Friday, March 30, 2007
Finalists for Arts Club Award Announced
Books on literature, music, painting finalists for inaugural prize of $15,000
The Arts Club of Washington, a non-profit organization in the nation’s capital dedicated to generating public appreciation for and participation in the arts, is pleased to announced the finalists for the inaugural National Award for Arts Writing. The Award of $15,000 is the only one of its kind dedicated to writing about the arts for a general reader. James Tiptree, Jr.: The Double Life of Alice B. Sheldon by Julie Phillips (St. Martin’s Press), The Judgment of Paris: The Revolutionary Decade That Gave the World Impressionism by Ross King (Walker & Company), and Steel Drivin’ Man: John Henry: The Untold Story of an American Legend by Scott Reynolds Nelson (Oxford University Press) have been forwarded to judges Alan Cheuse, Rita Dove, and Joyce Carol Oates for consideration for the $15,000 prize. The Arts Club expects to announce the winning title by mid-April and will present the Award at a dinner at the Club on Friday, May 18, 2007.
Mark W. Ohnmacht, Chair of the Award Committee of the Arts Club of Washington, said, “We are excited to be presenting these three exemplary books to the judges for consideration for the inaugural year of the National Award in Arts Writing. These very different books are vividly written, engaging, and informative explorations of the arts and artists. They accomplish beautifully our goals for the Award: To increase access to the arts and artists for a general audience. The Arts Club of Washington commends both the authors and the publishers of these important books for helping us gain a greater understanding of the arts and thereby immeasurably enriching our lives.”
The National Award in Arts Writing is given annually by the Arts Club of Washington in recognition of excellence in writing about the arts for a broad audience. The Award is given to the author of a book about any artistic discipline published in the previous year. The Club is inaugurating the Award by considering books published in 2006.
The Award is intended to help increase access to the arts. It celebrates prose that is lucid, luminous, clear and inspiring – writing that creates a strong connection with arts and artists. In general, anthologies and books for children are outside the scope of this award.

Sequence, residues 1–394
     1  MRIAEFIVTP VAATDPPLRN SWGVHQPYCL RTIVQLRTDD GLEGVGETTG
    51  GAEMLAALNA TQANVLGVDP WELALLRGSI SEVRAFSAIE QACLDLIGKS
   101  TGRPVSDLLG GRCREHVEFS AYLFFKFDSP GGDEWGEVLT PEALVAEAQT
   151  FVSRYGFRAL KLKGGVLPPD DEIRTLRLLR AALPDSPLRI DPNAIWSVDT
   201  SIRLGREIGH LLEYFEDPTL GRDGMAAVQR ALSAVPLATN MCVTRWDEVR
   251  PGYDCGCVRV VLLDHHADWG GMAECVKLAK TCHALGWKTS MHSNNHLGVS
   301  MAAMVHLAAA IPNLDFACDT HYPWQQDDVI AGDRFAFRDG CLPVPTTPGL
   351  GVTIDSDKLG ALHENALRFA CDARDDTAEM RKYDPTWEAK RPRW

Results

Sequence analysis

The Award of $15,000, established by long-time Arts Club member Jeannie S. Marfield in honor of Florence Berryman and Helen Wharton, is given out at an Awards Dinner, to be held at the Arts Club in the spring of each year. This year’s Award Dinner is scheduled for Friday, May 18, 2007.
About the finalists:
James Tiptree, Jr.: The Double Life of Alice B. Sheldon by Julie Phillips
An exemplary biography of Alice B. Sheldon, who disguised her identity and wrote popular science fiction as James Tiptree, Jr. (St. Martin’s Press)
The Judgment of Paris: The Revolutionary Decade That Gave the World Impressionism by Ross King
A gripping account of the critical decade of 1863 to 1874, focusing on two very different artists: the conservative Jean-Louis-Ernest Meissonier and the controversial Edouard Manet. (Walker & Co.)
Steel Drivin’ Man: John Henry: The Untold Story of an American Legend by Scott Reynolds Nelson
A fascinating social and musical history of the American work song, told through an investigation of one of its best-known songs, “John Henry.” (Oxford University Press)
About the judges:
The three judges are distinguished literary professionals. Alan Cheuse is the author of three novels, three collections of short fiction, a memoir, a pair of novellas, and a collection of essays. He is the editor of several anthologies. Cheuse serves as book commentator for NPR's evening news-magazine All Things Considered and as a member of the writing faculty at the Squaw Valley Community of Writers. He is a professor of creative writing at George Mason University.
Rita Dove served as U.S. Poet Laureate from 1993 to 1995 and as Poet Laureate of the Commonwealth of Virginia from 2004 to 2006. She has received numerous literary and academic honors, among them the Pulitzer Prize in Poetry, the Duke Ellington Lifetime Achievement Award, and the National Humanities Medal. She is the author of numerous collections of poetry, a novel, a collection of short fiction, a collection of essays, and a play.
Joyce Carol Oates is a recipient of the National Book Award and the PEN/Malamud Award. She is the author of more than 70 books including novels, short story collections, poetry volumes, plays, and essays. She is the Roger S. Berlind Distinguished Professor of the Humanities at Princeton University and since 1978 has been a member of the American Academy of Arts and Letters. In 2003 she received the Commonwealth Award for Distinguished Service in Literature.
About the Arts Club of Washington:
The mission of the Arts Club of Washington is to generate public appreciation for and participation in the arts in the nation’s capital, through ongoing educational programs that include seminars, literary events, art exhibitions, and musical and theatrical performances. The club, founded in 1916, also is dedicated to promoting the appreciation of historic preservation through study, restoration, and the preservation of the historic James Monroe House. The Award is administered by Sarah Browning, firstname.lastname@example.org, 202-331-7282 x 15.